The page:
Kurchatovite occurs as colorless granular crystals up to 1 mm at the Fuka mine, Okayama Prefecture, Japan. The mineral is associated with shimazakiite, calcite and johnbaumite. The Vickers microhardness is 441 kg mm−2 (50 g load), corresponding to 4½ on the Mohs’ scale. The calculated density is 3.23 g cm−3. Electron microprobe analyses of kurchatovite gave empirical formulae ranging from Ca0.987(Mg1.004Fe0.020Mn0.001)Σ1.025B1.992O5 to Ca0.992(Mg0.466Fe0.523)Σ0.989B2.013O5 based on O = 5, and kurchatovite forms a continuous solid solution in this range. The mineral is orthorhombic, Pbca, and the unit cell parameters refined from XRD data measured by a Gandolfi camera are a = 36.33(14), b = 11.204(3), c = 5.502(17) Å, V = 2239(12) Å3. It is formed by a layer of MgO6–octahedra, a layer of CaO7–polyhedral and B2O5 consisting of two BO3–triangles. The kurchatovite from the Fuka mine was probably formed by supplying Mg and Fe to shimazakiite from hydrothermal solution at a temperature between 250 to 400 °C.
Ilvaite, a hydrous calcium mixed–valent iron silicate, is found in red hematitic chert (jasper) lenses in altered basalt and an iron–manganese ore from the Sumaizuku unit (Middle Jurassic accretionary complex) of the Northern Chichibu belt, SW Japan. The jasper lenses are composed of ilvaite, andradite, stilpnomelane, riebeckite, hematite and quartz. Ilvaite in the jasper lenses shows an unusual spherical morphology (~ 100 µm in diameter) and each ilvaite spherule exhibits a foam–like microstructure with recrystallized quartz grains. Ilvaite also occurs as discrete euhedral crystals (up to 500 µm in length) in quartz segregation veins or monomineralic ilvaite veins. Ilvaite in the jasper lenses is close to the endmember composition, but the material in the iron–manganese ore is rich in Mn2+ (up to 0.84 atoms per formula unit) corresponding to manganilvaite. Thermodynamic modeling shows that the ilvaite–andradite–hematite–quartz association (ilvaite + O2 = hematite + andradite + quartz) is stable under the peak P–T conditions of the Sumaizuku unit (~ 0.35 GPa, 230–250 °C) and oxygen fugacity slightly above the hematite–magnetite buffer (log fO2 = ~ –38). Ilvaite spherules are intimately associated with colloform–textured andradite, suggesting that they probably originated from a Ca–Fe–Si colloidal precursor deposited along hydrothermal fluid conduits within the Early Permian oceanic crust, and recrystallized during subduction–related low–grade metamorphism.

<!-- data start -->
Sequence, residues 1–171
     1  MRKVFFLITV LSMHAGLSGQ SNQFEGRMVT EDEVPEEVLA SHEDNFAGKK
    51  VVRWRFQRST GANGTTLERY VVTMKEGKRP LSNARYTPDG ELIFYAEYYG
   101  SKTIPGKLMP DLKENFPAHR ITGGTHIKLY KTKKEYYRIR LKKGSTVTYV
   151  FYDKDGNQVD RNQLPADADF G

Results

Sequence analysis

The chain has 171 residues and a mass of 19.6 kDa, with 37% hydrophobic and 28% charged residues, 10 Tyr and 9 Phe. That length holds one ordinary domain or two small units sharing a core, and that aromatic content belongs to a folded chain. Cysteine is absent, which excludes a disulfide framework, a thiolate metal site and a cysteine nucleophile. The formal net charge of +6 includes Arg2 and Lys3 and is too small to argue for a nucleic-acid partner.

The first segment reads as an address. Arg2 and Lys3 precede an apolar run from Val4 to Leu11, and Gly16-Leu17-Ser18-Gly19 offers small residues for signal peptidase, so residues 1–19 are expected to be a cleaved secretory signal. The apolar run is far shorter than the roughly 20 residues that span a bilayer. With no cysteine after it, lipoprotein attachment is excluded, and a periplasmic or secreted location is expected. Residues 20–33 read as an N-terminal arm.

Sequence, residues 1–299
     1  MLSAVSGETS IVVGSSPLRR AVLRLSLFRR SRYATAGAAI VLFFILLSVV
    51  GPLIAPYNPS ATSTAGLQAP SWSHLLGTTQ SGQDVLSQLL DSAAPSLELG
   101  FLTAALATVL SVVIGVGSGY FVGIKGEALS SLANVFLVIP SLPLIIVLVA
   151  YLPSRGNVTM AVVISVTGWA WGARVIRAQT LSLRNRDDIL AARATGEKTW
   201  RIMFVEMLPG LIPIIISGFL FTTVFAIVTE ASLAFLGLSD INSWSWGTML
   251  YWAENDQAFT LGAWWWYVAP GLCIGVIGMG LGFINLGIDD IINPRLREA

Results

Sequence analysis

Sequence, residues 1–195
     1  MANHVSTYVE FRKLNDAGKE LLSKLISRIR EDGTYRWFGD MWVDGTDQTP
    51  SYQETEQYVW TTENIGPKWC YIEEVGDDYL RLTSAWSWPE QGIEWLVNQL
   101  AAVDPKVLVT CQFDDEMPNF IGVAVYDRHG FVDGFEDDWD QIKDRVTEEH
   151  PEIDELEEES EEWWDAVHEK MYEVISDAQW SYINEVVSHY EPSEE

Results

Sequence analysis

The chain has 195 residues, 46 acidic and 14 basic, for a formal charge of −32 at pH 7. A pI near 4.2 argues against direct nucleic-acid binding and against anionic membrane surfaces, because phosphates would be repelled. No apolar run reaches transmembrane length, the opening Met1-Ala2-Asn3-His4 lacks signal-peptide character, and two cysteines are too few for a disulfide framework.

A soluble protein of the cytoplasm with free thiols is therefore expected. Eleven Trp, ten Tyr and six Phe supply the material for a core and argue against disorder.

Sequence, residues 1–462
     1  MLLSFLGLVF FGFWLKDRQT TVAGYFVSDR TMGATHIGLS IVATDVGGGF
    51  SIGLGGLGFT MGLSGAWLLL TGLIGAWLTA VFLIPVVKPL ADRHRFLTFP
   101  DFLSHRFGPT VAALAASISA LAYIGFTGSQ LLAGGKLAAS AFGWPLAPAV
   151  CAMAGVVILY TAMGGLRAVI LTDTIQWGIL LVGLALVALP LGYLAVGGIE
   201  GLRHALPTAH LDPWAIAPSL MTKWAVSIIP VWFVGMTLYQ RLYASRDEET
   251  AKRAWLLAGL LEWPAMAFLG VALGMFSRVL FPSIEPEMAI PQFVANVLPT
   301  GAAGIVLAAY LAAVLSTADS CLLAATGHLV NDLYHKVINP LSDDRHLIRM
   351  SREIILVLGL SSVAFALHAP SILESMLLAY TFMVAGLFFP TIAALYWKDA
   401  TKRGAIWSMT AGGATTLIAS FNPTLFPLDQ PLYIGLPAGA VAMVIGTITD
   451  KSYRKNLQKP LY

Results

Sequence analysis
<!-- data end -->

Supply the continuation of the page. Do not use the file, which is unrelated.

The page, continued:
Jadeite occurs as the shocked product of albite feldspar in shocked meteorites, and is one of the most common high–pressure polymorphs in shock–melt veins of meteorites. The characteristic textures of jadeite in shocked ordinary chondrites show that some of jadeite crystals were formed from originally albite feldspar by a solid–state transformation and some were crystallized from a shock–induced albite melt. Based on these textures of jadeite together with the other high–pressure mineral assemblages and their crystallization kinetics, we can estimate the impact conditions such as impact velocity and parent–body size.
Occurrence and mineralogical properties of pinkish colored epidotes that were found in core samples from a geothermal exploration well NB–1, Noboribetsu, Hokkaido, Japan are described together with estimating the formation conditions. The minerals occurred mainly as vein– and druse–fillings in volcaniclastic rocks of the Miocene Osarugawa Formation. They coexisted with brownish chlorites, K–feldspar, illite, and quartz, and associated with minor hematite, titanite, and/or apatite. The minerals were produced by local K–alteration that overprinted early–formed regional propylitization associated with ordinary greenish epidotes and chlorites. The cell parameters of pinkish epidote were: a = 8.884(6), b = 5.614(1), c = 10.149(7) Å, β = 115.5(8)°, and V = 456.9(4) Å3. The Ca2Mn3+3Si3O12(OH) contents of the pinkish epidotes were generally less than 2.4 mol%, while the Ca2Fe3+3Si3O12(OH) contents attained 28 mol%. It is considered that the low Mn contents and relatively low Fe contents resulted in giving the characteristic pinkish to pale yellow colors for epidote. Associated brownish chlorites were characterized by low total Fe and relatively high Fe3+ contents. Their formation temperatures were estimated to be 230–300 °C, using semi–empirical chlorite geothermometers. These data indicate that pinkish epidotes coexisted with brownish chlorites formed under oxidative conditions and probably low Fe contents in hydrothermal fluids.
Vol.31 (1944) No. 5 and No.6 in the predecessor journal ″The Journal of the Japanese Association of
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